Say it with me: “Hallucinogens, science, and ignorance.”

4. zombies

http://guiadonald.deviantart.com/art/donald-zombie-166130619

It turns out pictures of actual zombies are kind of disgusting…

 

This was probably my least favorite Halloween monster to learn about. Not because the idea of the undead is freaky to me, but what I learned wasn’t a cute anecdote of Ye Olde Ignorance. Zombies are 100% real, and they’re 100% saddening. The concept of Zombies comes from the Haitian Vodou religion, which came about from the religions enslaved Africans brought with them. Vodou priests known as Bokors work with light and dark magic and claim to have the power to create zombies. In a way, they do…

In one method of zombie creation, a Bokor will take an individual and “kill” them, using mixes of super nasty poisons. Next the “deceased” is loaded up with more poisons and hallucinogens. When they wake up they’re all whacked out. In most cases, a person knows the Bokor is going to turn them into a zombie, so when they wake up they are convinced that they’ve died, which completely contradicts the whole looking around and being in the world thing (and the Bokor may or may not have thrown in some hypnosis). As a consequence the person loses his or her mind.

In another method, a Bokor will actually present a family with a dearly departed loved one. Necromancy? No. The Bokor goes out and finds a homeless or mentally ill person who looks like the deceased and says “Boom! Here you go!”

5. ghouls

I guess he skipped arm day.

A ghoul is more or less a cross between a zombie and a vampire. It’s also the name given to people who like to eat dead people or drag them out of the grave. Because that’s a large, thriving counterculture…

The origin of the ghoul comes from Arabic culture. Djinns, or genies as Disney calls them, are very wise, clever deities. When they go bad, however, they become ghouls, dragging people to the underworld. Lots of dragging going on with ghouls. I bet it’s because of those skinny arms.

6. ghosts

He just wanted a snack!

Ghosts. Pretty self-explanatory. They’re a cultural universal, which is an interesting thing. Which also implies that the afterlife is a cultural universal, which could lead to a discussion. In most cultures, ghosts come about from improper funeral rites, and are rarely nice. Usually they’re out for vengeance or have other kind of unresolved issue. If you’ve seen Ghost Whisperer, you get the gist.

The gauziness traditionally associated with ghosts comes from the mist that forms when you exhale during the cold seasons. People thought the mist was your soul poking out a bit, so ghosts are given that misty quality. This also explains why ghosts are associated with the cold. And the really scary, devil-like ghost that many people claim to see at night is actually a symptom of sleep paralysis.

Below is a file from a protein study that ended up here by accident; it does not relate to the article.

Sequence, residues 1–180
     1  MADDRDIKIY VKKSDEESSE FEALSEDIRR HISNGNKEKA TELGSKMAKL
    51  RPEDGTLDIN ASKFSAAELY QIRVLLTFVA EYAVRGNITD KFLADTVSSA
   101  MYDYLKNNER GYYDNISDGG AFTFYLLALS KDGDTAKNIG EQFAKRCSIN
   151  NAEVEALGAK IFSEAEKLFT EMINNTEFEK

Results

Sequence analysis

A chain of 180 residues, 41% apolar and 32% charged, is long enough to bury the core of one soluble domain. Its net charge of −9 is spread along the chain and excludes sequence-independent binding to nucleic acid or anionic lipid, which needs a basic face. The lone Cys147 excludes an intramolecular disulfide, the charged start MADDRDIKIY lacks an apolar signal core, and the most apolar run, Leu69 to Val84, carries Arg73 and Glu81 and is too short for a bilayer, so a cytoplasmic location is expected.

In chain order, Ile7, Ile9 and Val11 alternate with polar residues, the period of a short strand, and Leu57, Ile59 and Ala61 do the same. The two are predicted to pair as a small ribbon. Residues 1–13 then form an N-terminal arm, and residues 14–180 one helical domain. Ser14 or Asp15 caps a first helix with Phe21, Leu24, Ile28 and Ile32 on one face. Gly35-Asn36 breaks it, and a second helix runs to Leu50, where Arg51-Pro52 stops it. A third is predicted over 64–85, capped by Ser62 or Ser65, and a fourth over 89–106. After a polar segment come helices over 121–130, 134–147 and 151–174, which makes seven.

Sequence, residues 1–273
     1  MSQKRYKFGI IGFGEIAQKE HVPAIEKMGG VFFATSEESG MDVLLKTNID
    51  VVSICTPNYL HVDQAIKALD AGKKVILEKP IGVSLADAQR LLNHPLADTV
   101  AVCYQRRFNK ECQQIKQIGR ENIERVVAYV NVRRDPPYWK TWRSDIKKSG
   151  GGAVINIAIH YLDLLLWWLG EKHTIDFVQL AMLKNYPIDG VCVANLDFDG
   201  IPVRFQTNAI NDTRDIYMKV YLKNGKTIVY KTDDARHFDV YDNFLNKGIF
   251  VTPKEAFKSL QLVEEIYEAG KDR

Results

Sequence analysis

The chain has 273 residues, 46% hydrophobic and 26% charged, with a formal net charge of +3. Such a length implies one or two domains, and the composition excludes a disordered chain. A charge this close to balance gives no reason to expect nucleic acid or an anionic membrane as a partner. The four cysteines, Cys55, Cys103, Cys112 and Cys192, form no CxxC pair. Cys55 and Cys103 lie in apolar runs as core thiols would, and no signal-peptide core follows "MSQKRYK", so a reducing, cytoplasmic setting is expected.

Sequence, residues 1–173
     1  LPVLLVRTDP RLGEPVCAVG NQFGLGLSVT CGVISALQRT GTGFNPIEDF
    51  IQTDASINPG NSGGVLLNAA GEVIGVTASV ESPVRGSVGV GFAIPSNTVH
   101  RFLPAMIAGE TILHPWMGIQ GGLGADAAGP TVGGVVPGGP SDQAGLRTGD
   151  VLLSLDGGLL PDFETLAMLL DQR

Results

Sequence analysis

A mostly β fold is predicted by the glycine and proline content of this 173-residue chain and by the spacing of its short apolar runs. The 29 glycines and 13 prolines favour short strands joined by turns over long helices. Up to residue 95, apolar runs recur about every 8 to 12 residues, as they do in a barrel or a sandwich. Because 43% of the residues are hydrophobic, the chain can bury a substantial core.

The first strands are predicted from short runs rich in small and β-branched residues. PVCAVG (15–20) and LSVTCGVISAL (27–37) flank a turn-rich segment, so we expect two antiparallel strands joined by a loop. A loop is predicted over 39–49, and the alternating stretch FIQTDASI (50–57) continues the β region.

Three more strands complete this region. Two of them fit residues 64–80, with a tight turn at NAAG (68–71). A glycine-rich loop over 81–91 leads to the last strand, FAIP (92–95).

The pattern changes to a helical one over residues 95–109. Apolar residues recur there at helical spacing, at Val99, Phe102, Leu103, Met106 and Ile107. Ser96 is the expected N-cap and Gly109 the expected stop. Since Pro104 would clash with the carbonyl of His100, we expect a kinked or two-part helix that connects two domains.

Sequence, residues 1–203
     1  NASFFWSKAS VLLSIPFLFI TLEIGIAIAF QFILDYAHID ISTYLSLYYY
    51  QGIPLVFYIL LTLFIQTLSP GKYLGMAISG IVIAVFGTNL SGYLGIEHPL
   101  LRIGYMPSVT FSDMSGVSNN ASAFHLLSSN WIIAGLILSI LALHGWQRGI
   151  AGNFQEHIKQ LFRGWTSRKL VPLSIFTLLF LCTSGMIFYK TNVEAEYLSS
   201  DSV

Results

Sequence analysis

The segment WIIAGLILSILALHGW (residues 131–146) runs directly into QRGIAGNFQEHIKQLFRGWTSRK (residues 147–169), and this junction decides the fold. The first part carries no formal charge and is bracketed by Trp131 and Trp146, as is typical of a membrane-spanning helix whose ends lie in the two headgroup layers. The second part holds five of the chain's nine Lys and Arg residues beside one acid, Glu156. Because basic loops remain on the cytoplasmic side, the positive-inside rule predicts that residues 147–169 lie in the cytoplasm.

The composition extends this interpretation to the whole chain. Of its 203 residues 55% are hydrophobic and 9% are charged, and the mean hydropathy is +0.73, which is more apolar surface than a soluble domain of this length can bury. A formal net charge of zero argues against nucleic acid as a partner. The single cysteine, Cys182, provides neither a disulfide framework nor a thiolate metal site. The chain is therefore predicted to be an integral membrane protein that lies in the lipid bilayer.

With sleep paralysis, you lay completely paralyzed while half-asleep, meanwhile you experience extreme panic, and often times see a little demon ghost-type devil either watching you from the corner of your room or sitting on your chest scaring the shit out of you. The creepiest part is that everyone sees the same ghouly-man. A friend of mine was describing his sleep paralysis to me once and it freaked me out because he was describing the exact thing that came after me once when I was little (though I was super-glad that it wasn’t actually the devil coming to get me).

There are many scientific explanations for ghost activity, but what’s caused by scientific phenomenon and what’s actually caused by ghosts is really up to you and what you choose to believe.

Bonus fact: Islam doesn’t believe in ghosts the way that other cultures do. What most people consider ghosts, Muslims classify as Djinns.

7. trolls/goblins

“Look at them, troll mother said. Look at my sons! You won’t find more beautiful trolls on this side of the moon.” – John Bauer

Most of what people traditionally think of as a troll is actually a goblin. Trolls come from Norse and Scandinavian mythology, as god-like giants that prefer to keep to themselves and like nature. It’s in Scandinavian mythology that trolls get mean and turn to stone in the light.

Goblins are the short, stumpy, ugly little faeries that people usually picture when they think of trolls. They come in varying levels of mischievousness, and they’re incredibly greedy. They love gold, which likely causes a cross-over with leprechauns, and if you make them mad enough, they can get quite mean.

8. ravens

“But the Raven, sitting lonely on the placid bust, spoke only That one word, as if his soul in that one word he did outpour.” E.A. Poe